Discover Stockholm: The Nobel Museum

by Sanjay (Sergio) Jiandani 233 views2

Address

Börshuset, Stortorget 2, Gamla Stan, Stockholm

Transport

Metro: Station Gamla Stan
Bus: 53, 55, 57 and 76 (bus stop Slottsbacken)
Bus: 3 och 59 (bus stop Riddarhustorget)

More from Discover Stockholm

ESCToday in collaboration with the City of Stockholm will be bringing you a series of articles leading up to the 2016 Eurovision Song Contest in order to showcase and introduce the 2016 Eurovision host city Stockholm to our readers. Today we will have a look at the Nobel Museum in Stockholm.

When we visit the Nobel Museum, we will discover more about Alfred Nobel, the man who invented dynamite. We will get the chance to learn about his will and legacy.

Nobel Museum 1

The Nobel Museum is one of the 10 main attractions of Stockholm. It is located in of the most iconic squares of Stockholm, namely Stortoget in Gamla Stan.

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Alfred Nobel at exhibition the Nobel Museum (Photo credit: Sanjay Jiandani)

I was really impressed when I visited the Museum Nobel in Stockholm. I highly recommend to visit this museum when you visit Gamla Stan (the old city). Whenever I hear the word Stockholm, I always link it to Alfered Nobel and the Nobel Prize Ceremony and banquet.

When you think of the Nobel Prize, names such as Marie Curie, Malala, Mother Teresa of Calcutta, Ernest Hemingway, Albert Einstein, Martin Luther King Jr and Nelson Mandela come to your mind.

5/6 Nobel Prizes are given out in Stockholm: Chemistry Prize, Economics Prize, Medicine Prize, Physics Prize and Literature Prize. Whilst the Nobel Peace Prize is given out in Oslo.

You will find all the data and information regarding Alfred Nobel, the Nobel Prize and the Nobel Lauterates in this museum. The museum was founded in 2001. All the related data and information is displayed with the use of modern technology.

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The Nobel Museum (Photo credit: Sanjay Jiandani)

A total of 800 Laureates have been awarded the Nobel Prize. Each Laureate is presented in a random order through a portrait and Prize citation along a unique cableway in the ceiling. This is indeed something unique to look forward to, as the portraits circulate on the ceiling throughout the museum.

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Potraits of Nobel Lauterates hanging on a cable in the museum (Photo credit: Sanjay Jiandani)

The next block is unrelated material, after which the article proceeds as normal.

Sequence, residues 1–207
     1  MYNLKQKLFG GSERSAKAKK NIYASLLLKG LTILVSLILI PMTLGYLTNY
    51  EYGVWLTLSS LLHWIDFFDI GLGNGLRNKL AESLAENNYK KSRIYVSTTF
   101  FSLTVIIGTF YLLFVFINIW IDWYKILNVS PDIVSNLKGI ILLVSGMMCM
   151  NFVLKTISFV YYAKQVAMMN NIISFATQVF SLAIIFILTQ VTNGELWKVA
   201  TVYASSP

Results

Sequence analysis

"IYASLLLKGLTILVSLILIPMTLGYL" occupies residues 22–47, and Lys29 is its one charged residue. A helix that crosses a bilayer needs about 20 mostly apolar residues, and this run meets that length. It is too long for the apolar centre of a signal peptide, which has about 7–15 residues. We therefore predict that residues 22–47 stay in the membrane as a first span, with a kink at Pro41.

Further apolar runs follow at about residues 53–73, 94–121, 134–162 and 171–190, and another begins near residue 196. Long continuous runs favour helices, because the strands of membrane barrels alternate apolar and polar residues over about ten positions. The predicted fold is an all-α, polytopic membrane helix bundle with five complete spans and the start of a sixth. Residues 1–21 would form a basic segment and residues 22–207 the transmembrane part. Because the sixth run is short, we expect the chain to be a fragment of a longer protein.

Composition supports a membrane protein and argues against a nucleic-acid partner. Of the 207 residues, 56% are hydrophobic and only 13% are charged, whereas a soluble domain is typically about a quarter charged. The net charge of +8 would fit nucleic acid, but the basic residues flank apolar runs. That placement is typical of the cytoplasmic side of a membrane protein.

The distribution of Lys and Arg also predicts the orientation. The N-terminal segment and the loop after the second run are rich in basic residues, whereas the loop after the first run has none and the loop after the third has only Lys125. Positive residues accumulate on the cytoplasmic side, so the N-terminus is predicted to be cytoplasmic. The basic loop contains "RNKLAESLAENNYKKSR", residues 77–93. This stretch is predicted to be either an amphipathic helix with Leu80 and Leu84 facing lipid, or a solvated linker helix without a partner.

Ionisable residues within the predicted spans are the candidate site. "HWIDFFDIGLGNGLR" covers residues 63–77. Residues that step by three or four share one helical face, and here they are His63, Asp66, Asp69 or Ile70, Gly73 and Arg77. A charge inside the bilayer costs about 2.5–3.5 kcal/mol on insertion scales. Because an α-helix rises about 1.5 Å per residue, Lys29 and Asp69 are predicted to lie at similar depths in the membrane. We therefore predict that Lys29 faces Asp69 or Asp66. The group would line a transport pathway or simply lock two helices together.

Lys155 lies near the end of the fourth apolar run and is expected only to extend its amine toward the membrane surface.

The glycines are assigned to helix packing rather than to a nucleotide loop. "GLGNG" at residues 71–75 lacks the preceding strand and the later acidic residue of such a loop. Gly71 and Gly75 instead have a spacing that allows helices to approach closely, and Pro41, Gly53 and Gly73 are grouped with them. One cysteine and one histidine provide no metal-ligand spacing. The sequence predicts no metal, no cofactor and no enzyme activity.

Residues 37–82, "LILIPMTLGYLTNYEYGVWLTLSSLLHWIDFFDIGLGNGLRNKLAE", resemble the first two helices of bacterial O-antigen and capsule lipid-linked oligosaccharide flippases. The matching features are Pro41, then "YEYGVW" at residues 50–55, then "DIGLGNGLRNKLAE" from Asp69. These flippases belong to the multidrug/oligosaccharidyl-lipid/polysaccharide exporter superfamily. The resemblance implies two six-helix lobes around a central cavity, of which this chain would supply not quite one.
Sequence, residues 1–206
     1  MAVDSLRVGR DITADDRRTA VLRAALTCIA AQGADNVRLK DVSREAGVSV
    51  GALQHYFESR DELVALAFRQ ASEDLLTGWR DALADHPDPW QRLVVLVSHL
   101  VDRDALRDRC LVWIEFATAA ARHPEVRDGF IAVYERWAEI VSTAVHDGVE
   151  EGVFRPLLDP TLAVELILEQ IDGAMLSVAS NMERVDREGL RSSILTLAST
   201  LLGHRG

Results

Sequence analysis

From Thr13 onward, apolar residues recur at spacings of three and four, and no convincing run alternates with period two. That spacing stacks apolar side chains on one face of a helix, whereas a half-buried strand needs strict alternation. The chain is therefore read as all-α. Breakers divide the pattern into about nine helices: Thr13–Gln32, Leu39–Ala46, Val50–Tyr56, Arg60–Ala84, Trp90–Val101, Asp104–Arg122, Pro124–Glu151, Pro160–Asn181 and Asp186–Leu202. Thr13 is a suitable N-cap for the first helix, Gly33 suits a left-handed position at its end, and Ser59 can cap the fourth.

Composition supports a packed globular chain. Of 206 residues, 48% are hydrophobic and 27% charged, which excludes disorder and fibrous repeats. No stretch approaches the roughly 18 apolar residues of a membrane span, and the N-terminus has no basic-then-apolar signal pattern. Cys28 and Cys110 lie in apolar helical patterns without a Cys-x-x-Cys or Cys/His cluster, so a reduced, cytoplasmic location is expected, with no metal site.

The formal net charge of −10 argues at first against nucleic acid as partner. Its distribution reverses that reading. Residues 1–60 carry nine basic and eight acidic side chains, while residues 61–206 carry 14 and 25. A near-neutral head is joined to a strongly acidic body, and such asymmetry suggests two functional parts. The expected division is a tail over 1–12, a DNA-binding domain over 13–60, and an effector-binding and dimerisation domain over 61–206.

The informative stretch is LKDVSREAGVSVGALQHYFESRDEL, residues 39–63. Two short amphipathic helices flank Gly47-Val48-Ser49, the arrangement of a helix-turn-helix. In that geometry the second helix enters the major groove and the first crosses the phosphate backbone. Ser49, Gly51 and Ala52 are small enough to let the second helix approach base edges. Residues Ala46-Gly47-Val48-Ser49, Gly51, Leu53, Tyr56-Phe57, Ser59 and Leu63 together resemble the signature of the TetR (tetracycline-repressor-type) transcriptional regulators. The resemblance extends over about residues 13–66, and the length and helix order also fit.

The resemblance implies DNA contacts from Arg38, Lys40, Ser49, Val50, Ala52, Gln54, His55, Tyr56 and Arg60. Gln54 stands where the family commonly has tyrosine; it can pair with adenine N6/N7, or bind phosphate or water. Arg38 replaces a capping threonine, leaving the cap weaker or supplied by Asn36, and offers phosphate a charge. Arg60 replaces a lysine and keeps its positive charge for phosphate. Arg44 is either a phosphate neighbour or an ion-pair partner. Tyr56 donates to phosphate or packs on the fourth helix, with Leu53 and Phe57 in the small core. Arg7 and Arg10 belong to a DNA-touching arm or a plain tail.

You can find information about all the Nobel Prize Winners,the Prizes and the Award Ceremonies on digital screens in the museum.

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Visitors checking information about the Nobel history on the Digital Screen stands in the museum.  (Photo credit: Sanjay Jiandani)

English guided tours are offered thrice a day at the museum.

The Bistro Nobel adjacent to the museum has become a popular place to meet up and enjoy a warm cup of coffee. Its Nobel ice cream has become quite popular!

Information about the museum’s opening hours and admission fees can be found here.

For more information on Stockholm you can visit visitstockholm.com

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  • MarioVision

    From all the categories, especially the Peace Nobel is the most known.

    The year I was born 1986 ~ the winner of the nobel peace prize was:
    ELIE WIESEL : an American Jewish survivor of the holocaust
    {on the real photo taken from the death nazi camp: Elie is the one inside the pink diamond diagram}

    (taken from wikipedia)
    When Wiesel was awarded the Nobel Peace Prize in 1986, the Nobel Committee
    called him a “messenger to mankind,”
    stating that through his struggle to come to terms with “his own personal experience of total humiliation
    and of the utter contempt for humanity shown in Hitler’s
    death camps”, as well as his “practical work in the cause of peace”,
    Wiesel had delivered a powerful message “of peace, atonement and human
    dignity” to humanity.

  • MarioVision

    Persecution of homosexuals in Nazi Germany and the Holocaust.
    The famous Pink Triangle,
    as the #1 most famous symbol for gay homosexuals.
    was originally rendered in pink and used pointed downward on a Nazi concentration camp badge to denote homosexual men.

    Between 1933 and 1945, an estimated 100,000 men were arrested as homosexuals, of whom some 50,000 were officially sentenced.Most of these men served time in regular prisons, and an estimated 5,000 to 15,000 of those sentenced were incarcerated in Nazi concentration camps.It is unclear how many of the 5,000 to 15,000 eventually perished in the camps, but it is believed that the death rate of homosexuals in concentration camps may have been as high as 60%.

    It was not until 2002 that the German government finally officially apologized
    to the gay community 4 the gay holocaust.